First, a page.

The ball is rolling on the soil and pebble surface. the match format is seven against seven and the first half is played. not everyone has shoes, some of the children even play in sandals, but it doesn’t matter, they are happy just to have dungarees or coloured waistcoats to distinguish the teams and something to kick. cheers in between, a couple of instructions to each other and onto the pitch! the sun feels strong on the back. something happens. shouts are heard, “baba yao, baba yao!”. the ball stops and so does the stopwatch. everyone wants to hug him. some wait five minutes to tell him what grade they got in school last week, while others are content just by looking at him. after 20 minutes of affection, the game continues. time is so precious at austin’s playing field.
a few minutes ago he went to the corner store and bought a piece of red meat, vegetables and ugali ─typical local maize─ to cook at home. he eats alone. before going to bed, he decides to go out. he has to keep an eye on the field and takes the opportunity to talk to the homeless people who look after it. he doesn’t pay them, but in exchange he lets them sleep there, with the commitment that first thing in the morning they will have the pitch free of rubbish and unoccupied. children are the priority and that is their space. there are no other rules. after the tour, he goes home and tunes in to national geographic to watch a documentary about animals. but he finds it hard to concentrate, because the next day he has to continue with the training and education of the fútbol más foundation’s sports instructors on the pitch. he thinks of something motivating that can move them with this project. in his bed and lying down, baba yao’s head is still working.
the feeling of nostalgia is particularly strong some days. as a teenager he was left alone. his mother, father and three siblings left for good in 1998. but life had a rematch for him. that’s what this is all about. he stood up and faced it. and that match, he had to win. the adversity was immense, but something protected him. maybe during that minute he felt the care of those looking down on him. he has never felt alone, because he knows that they are with him, somewhere. he remembers them fondly.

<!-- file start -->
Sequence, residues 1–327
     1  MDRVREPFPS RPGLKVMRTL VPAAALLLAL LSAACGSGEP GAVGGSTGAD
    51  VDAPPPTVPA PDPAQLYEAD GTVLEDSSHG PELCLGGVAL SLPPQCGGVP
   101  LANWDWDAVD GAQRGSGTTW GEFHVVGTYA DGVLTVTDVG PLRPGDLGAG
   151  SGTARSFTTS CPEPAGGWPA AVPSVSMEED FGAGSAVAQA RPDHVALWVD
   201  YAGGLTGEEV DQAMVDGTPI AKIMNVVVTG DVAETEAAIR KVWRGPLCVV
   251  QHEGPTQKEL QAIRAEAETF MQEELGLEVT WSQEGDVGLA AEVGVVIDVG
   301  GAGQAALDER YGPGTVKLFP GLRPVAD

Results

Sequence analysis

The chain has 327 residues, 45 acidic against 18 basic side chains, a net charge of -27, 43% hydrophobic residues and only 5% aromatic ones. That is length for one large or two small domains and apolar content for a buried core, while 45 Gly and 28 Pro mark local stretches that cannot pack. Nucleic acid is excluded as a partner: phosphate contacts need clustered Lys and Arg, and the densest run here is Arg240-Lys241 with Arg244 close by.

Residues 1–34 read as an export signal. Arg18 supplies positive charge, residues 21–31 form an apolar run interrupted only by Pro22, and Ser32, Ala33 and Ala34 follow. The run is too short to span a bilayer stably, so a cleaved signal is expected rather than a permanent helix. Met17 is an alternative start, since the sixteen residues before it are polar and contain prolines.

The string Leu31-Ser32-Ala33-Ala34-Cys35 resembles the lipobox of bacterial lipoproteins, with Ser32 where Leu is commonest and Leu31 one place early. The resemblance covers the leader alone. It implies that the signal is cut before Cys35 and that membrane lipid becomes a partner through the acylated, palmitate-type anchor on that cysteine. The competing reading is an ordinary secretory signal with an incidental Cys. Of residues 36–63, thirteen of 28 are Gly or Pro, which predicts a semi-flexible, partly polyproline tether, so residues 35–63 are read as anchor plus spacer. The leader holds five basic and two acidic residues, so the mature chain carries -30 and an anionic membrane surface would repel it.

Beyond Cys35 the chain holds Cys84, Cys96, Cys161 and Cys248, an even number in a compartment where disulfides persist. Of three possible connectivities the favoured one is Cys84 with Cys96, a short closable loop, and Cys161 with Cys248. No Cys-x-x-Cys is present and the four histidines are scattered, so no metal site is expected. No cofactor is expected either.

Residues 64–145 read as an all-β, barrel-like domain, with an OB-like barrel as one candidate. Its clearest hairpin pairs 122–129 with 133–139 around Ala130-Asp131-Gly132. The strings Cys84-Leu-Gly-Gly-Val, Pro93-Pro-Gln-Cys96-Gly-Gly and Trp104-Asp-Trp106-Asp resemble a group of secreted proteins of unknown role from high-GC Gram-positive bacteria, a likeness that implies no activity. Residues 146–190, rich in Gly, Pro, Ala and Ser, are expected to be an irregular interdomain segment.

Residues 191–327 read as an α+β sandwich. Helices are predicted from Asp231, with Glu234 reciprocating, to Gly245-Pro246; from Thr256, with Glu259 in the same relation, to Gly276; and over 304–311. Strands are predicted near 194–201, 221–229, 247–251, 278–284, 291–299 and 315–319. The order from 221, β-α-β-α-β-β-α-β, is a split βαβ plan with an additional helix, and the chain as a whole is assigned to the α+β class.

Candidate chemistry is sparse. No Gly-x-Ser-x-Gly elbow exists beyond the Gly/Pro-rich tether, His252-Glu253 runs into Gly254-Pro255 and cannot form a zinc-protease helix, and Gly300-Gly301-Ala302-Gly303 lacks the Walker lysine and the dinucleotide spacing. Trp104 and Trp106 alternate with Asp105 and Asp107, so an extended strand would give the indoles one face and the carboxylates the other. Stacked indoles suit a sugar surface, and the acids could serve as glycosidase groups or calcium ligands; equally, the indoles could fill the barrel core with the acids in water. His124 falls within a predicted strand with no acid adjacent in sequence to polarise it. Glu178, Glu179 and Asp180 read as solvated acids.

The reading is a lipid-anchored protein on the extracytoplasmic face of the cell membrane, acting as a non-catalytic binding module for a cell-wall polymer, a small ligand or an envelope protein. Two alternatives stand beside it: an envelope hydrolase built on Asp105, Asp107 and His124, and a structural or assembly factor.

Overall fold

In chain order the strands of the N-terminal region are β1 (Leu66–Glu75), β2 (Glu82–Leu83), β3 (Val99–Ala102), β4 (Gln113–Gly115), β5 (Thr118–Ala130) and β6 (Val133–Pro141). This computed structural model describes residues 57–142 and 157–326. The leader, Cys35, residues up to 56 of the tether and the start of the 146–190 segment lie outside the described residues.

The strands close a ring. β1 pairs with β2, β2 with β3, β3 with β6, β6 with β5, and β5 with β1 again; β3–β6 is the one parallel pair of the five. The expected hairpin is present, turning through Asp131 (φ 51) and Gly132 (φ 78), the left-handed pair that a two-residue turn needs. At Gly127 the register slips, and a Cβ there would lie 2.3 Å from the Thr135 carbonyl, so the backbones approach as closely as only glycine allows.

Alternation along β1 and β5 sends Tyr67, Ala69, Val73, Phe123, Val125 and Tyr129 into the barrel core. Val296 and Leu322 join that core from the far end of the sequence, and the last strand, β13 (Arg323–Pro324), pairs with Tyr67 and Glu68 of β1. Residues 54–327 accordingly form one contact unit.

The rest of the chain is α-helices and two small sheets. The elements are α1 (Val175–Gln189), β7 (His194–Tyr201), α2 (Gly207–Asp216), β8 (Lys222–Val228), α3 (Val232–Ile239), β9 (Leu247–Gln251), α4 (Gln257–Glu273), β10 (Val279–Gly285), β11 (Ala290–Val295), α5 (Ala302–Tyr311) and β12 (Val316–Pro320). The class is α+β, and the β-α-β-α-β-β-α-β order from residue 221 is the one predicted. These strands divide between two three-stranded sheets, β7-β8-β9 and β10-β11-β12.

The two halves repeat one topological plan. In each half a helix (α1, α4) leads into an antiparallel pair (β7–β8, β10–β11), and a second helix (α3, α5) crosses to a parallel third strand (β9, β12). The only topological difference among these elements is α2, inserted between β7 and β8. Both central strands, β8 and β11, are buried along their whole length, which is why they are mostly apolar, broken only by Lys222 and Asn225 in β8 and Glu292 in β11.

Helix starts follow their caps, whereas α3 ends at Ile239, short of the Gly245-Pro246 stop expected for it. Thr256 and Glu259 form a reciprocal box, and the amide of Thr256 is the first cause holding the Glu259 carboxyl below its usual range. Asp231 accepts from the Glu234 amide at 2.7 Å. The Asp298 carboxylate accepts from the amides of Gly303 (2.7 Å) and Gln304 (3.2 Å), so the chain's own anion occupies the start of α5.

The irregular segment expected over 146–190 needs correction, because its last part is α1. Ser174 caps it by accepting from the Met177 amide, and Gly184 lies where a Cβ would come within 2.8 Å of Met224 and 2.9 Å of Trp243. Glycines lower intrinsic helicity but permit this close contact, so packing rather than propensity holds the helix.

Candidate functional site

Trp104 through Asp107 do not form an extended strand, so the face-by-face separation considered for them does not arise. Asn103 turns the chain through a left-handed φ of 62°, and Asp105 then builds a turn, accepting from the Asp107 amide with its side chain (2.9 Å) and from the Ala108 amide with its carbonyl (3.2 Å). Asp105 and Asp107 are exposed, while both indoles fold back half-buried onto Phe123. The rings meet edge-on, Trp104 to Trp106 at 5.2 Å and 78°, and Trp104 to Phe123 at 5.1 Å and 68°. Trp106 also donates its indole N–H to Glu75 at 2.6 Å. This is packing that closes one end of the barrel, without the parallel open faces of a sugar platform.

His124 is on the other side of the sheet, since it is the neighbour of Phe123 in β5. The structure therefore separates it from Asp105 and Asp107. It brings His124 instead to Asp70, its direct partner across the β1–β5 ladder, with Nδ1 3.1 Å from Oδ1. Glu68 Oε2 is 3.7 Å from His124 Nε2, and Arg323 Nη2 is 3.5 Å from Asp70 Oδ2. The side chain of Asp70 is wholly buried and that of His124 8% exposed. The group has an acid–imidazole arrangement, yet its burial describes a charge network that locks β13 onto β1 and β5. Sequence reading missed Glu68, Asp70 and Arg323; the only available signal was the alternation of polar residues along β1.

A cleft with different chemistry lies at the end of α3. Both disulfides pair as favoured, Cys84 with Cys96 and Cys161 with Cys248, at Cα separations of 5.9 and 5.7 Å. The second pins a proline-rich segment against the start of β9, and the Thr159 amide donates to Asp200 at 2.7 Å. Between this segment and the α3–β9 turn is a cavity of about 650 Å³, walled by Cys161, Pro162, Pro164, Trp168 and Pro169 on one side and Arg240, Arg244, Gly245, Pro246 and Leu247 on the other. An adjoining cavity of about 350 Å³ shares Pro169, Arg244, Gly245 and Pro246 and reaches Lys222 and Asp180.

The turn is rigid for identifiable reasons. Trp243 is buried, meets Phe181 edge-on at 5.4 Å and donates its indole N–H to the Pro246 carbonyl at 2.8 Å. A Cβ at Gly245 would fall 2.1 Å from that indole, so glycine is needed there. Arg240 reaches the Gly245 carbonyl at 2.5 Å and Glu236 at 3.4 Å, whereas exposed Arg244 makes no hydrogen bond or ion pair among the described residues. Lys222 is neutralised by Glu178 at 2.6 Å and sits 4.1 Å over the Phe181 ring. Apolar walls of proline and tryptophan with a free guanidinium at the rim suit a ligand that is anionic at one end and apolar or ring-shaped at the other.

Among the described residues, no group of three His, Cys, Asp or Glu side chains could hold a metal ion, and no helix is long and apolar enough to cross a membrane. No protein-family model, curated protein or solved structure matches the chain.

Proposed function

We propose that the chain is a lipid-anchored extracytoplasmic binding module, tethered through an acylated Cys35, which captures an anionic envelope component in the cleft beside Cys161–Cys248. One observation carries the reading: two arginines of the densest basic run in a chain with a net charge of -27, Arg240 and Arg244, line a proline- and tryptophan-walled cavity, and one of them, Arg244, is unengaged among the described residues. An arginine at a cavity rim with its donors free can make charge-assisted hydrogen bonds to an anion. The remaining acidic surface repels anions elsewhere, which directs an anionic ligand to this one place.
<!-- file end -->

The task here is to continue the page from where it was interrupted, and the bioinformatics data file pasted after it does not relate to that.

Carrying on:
more than half a million people live in mathare – the largest informal settlement in nairobi, kenya’s capital. a friend from the neighbourhood saw him on the street and told him that there was a space in his house for him to move in with his mattress and his football bag. they had to share the bathroom with 20 other houses, but he didn’t hesitate for a second. he played as a goalkeeper and was a starter in the country’s second division. he still has that sturdy look of a goalkeeper: good height and big hands. he almost made it to the kenyan national team, but a knee injury prevented him from playing in goal. the club could not afford to pay for the operation, so he finally had to hang up his gloves.
nevertheless, baba yao did not give up. he still had the energy to go on. a motivation made him wake up every day. he started little by little: he asked the club to give him the damaged footballs, so he could take them to the children in his community so they could play. he then asked some friends to help him move and clean the two-metre high pile of rubbish that was blocking the view of the other side of the street. with a couple of shovels and no machine to help, it was a difficult mission, but not impossible. after a year ─you heard right, one whole year─ the rubbish dump was transformed into a small earth court. it was great news in the neighbourhood: they finally had a pitch!
this is how the football workshop for children under 12 became a reality. it competed at the local level. it even managed to turn around and lifted the cup twice with the girls’ category in the women’s league. however, he didn’t just want them to have fun, he wanted them to be able to educate themselves. if you know how to play football, you can qualify for a scholarship to study at secondary school. to date, more than 1,200 boys and girls who played at austin’s playing field have completed their schooling. others have gone on to earn university degrees. they cannot forget him. neither will baba yao.
six o’clock in the morning and the alarm clock goes off. he has to go to the fútbol más foundation office in kenya. he knows that sugar is not good for his health, but austin likes his coffee very sweet. he looks into the cupboard to get a piece of bread. he doesn’t put anything in it. he ties his dreadlocks and goes out into the street. dozens of children hang around his neck. the same scene every day. at 44, austin ajowi is still doing what he loves and is passionate about. something that revolutionised a village, that could inspire a movie script. it makes him connect with these children, who are part of his family. he sees himself reflected in them and is ready for anything. people notice him. people love him. that’s why everyone wants to wake up and go to the place that makes them happy. to the place that teaches them values and life skills. that’s why everyone calls him baba yao, which means “the father of all”. that’s why everyone wants to be in that magical place. everyone yearns and dreams of being there. everyone wants to play on austin’s playing field.